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Should I get an Adjustable-Rate or Fixed-Rate Mortgage? Feature Image
Posted on 11/23/2020 5 minute read

Should I get an Adjustable-Rate or Fixed-Rate Mortgage?


When getting a mortgage, it can feel like you’re learning a new language. You want a basic understanding of the many terms that can be thrown around so that you know you’re making the best choices to afford your home.

Among these terms are two important ones that relate directly to your mortgage’s interest rate — adjustable-rate or fixed-rate mortgage.

We’ll help you understand the difference, as well as the considerations that can help you understand which one is right for your situation.

What is an Adjustable-Rate Mortgage?

An adjustable-rate mortgage, otherwise known as an ARM, involves getting an interest rate for a home loan that changes over time, affecting the cost of monthly payments. Homeowners often choose an ARM because the initial interest rate is lower than a fixed-rate mortgage, making it easier to initially afford buying a house. 

The rate will likely increase over time though, as it changes based on the index it is tied to. Indexes are interest rates set by the changes in the market that are published by a neutral third party. There are several different indexes that a lender may choose, which is communicated to a homebuyer in their loan paperwork.

The changes in interest rate will cause monthly mortgage payments to change as well, throughout the lifetime of the loan.

What is a Fixed-Rate Mortgage?

With a fixed-rate mortgage, your interest rate will stay the same for the entire lifetime of the loan. This makes it a more popular home financing option, as it provides consistency to homeowners who know they will pay a consistent rate throughout the term of their loan.

For monthly mortgage payments, the interest costs will be one consistent amount that doesn’t fluctuate.

The interest rate and balance you pay toward the principal will stay the same. Your other home expenses, such as property taxes and homeowner’s insurance may change as these costs are not controlled by your lender.

Among the many differences between these two options, there is something they have in common. Both an ARM and a fixed-rate mortgage offer options for the term of a mortgage, or the length of time you have to pay off your loan. The most common options are 30-year and 15-year mortgages.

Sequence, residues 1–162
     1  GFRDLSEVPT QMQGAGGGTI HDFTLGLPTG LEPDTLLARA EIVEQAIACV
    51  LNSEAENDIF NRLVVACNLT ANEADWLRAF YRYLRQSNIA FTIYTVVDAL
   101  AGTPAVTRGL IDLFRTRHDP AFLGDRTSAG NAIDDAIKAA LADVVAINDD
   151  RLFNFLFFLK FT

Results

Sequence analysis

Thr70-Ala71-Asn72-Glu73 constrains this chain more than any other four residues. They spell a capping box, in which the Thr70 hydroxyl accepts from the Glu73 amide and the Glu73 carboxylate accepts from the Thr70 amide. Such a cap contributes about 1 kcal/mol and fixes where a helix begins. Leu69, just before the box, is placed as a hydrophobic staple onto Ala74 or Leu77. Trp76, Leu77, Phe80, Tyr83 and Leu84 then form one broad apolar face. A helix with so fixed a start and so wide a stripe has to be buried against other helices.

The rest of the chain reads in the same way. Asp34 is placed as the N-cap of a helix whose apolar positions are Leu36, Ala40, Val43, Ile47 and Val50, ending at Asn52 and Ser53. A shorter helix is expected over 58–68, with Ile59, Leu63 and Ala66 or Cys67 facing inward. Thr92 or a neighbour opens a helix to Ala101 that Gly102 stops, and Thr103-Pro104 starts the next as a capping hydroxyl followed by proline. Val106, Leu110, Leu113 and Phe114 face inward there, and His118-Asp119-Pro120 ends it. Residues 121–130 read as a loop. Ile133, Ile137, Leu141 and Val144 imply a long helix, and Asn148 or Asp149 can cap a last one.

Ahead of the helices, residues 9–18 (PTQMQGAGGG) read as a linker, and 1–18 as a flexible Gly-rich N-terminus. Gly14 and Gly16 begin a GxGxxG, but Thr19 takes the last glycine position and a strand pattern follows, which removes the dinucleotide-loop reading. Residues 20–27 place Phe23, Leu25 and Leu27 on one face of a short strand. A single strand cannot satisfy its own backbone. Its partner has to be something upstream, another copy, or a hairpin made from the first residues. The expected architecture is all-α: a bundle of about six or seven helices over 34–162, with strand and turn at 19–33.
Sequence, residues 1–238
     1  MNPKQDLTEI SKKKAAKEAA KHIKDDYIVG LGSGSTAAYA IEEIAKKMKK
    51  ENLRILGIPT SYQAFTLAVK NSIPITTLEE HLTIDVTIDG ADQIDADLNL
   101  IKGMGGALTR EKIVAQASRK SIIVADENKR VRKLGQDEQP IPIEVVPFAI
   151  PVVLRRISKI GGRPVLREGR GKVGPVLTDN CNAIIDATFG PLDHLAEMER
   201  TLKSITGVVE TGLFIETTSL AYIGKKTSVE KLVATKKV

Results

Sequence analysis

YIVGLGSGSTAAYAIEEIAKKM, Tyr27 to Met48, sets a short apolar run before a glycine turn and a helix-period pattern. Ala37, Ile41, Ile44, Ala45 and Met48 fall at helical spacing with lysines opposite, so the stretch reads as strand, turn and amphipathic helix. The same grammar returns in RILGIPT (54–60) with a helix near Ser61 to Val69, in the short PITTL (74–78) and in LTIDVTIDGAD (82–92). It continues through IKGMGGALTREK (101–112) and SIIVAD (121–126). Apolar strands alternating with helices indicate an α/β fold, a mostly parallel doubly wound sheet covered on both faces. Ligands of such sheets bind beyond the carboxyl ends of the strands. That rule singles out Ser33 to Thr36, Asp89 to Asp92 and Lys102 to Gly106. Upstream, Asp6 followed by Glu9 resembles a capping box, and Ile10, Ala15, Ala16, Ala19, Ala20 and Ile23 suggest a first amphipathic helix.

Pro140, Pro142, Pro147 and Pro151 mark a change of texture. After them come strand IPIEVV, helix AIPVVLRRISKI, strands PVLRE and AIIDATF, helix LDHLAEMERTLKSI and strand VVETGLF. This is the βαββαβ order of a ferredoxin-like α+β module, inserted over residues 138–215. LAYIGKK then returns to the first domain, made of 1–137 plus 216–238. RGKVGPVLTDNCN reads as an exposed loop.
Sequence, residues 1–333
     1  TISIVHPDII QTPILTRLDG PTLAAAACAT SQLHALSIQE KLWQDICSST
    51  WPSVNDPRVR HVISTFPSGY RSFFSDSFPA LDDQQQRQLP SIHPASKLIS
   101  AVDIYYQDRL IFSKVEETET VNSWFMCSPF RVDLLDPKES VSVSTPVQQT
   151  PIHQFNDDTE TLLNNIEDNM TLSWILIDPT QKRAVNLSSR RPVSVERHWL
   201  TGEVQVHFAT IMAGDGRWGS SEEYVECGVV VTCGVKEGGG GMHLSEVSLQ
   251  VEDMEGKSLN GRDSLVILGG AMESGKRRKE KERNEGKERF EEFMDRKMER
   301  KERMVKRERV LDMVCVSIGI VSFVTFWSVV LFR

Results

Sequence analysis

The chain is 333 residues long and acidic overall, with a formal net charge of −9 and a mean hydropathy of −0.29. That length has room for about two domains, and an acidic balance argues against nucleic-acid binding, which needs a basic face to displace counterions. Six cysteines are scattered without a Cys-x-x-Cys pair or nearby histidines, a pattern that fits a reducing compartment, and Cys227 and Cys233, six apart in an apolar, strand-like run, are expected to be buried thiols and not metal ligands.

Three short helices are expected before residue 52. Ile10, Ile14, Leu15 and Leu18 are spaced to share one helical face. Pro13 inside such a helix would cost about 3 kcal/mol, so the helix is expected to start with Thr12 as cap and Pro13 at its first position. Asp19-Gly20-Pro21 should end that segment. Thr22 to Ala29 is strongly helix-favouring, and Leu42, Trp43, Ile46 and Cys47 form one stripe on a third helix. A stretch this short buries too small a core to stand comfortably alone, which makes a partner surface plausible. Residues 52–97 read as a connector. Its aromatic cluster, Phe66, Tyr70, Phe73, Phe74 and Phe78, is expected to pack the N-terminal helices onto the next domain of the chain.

Which One is Right for Your Situation?

When deciding if an adjustable-rate or fixed-rate mortgage is best for your situation, it may help to ask yourself the following questions:

How Much Mortgage Can You Afford Right Now?

The benefit to getting an ARM is that the interest rate may be lower when you first get your mortgage, meaning you can afford more house upfront. With a fixed-rate mortgage, the starting interest rate is often higher than an ARM but that rate will not fluctuate and increase throughout the life of a loan as an ARM might.

How Long Do You Plan to Own the Home?

If you’re not in it for the long haul then you won’t take on as much risk by getting an ARM. If you can get an ARM with a lower interest rate you’ll have a lower monthly mortgage payment over the short timeframe that you own the house. 

Paying less each month, means you can save money for other expenses or for buying your next home.

When you sell your home in a few years, you can pay off your mortgage before possibly having to experience an increase in your interest rate. 

If Interest Rates Rise, Can You Afford Monthly ARM Payments?

You’ll want to calculate the maximum rate that your mortgage could hit with an ARM to know if it happened whether you could still afford your mortgage payments.

When interest rates can reach almost 12% for example, that can get quite costly when applied to the large balance of a mortgage. Fluctuations such as these can make the certainty and stability of a fixed-rate mortgage more appealing, and sometimes even more financially sound than having an ARM even for a few years.

How and When Do ARMs Change?

ARMs are established with a fixed rate for a number of years. A common agreement for example, is a 5/1 ARM where the initial interest rate is fixed for five years. In the sixth year and beyond, the interest rate can change once a year, causing an increase or decrease to monthly mortgage expenses. There are also options for 3/1, 7/1, and 10/1 ARMs.

How Much Can Interest Rates Change?

Although they can be unpredictable, interest rates tend to trend up or down over cycles that last several years, giving you an idea of where they might be headed. 

When rates are relatively low in general, fixed-rate mortgages can be more sensible. When rates are relatively high, ARMs can be beneficial because their lower initial rates help people afford homes more easily.

As rates fall, home buyers have a chance at getting lower monthly mortgage payments, even without having to refinance their existing mortgage.

Discuss Your Adjustable-Rate or Fixed-Rate Mortgage Options with Homefinity

Now that you’ve learned the basics about adjustable-rate mortgages compared to fixed-rate mortgages, speaking with a Homefinity loan officer can help you understand what the best option is for you.

Call us today to learn what your fixed interest rate would be or if you can start with a lower rate through an ARM to help you get into a home you can afford.

Photo by Austin Distel on Unsplash



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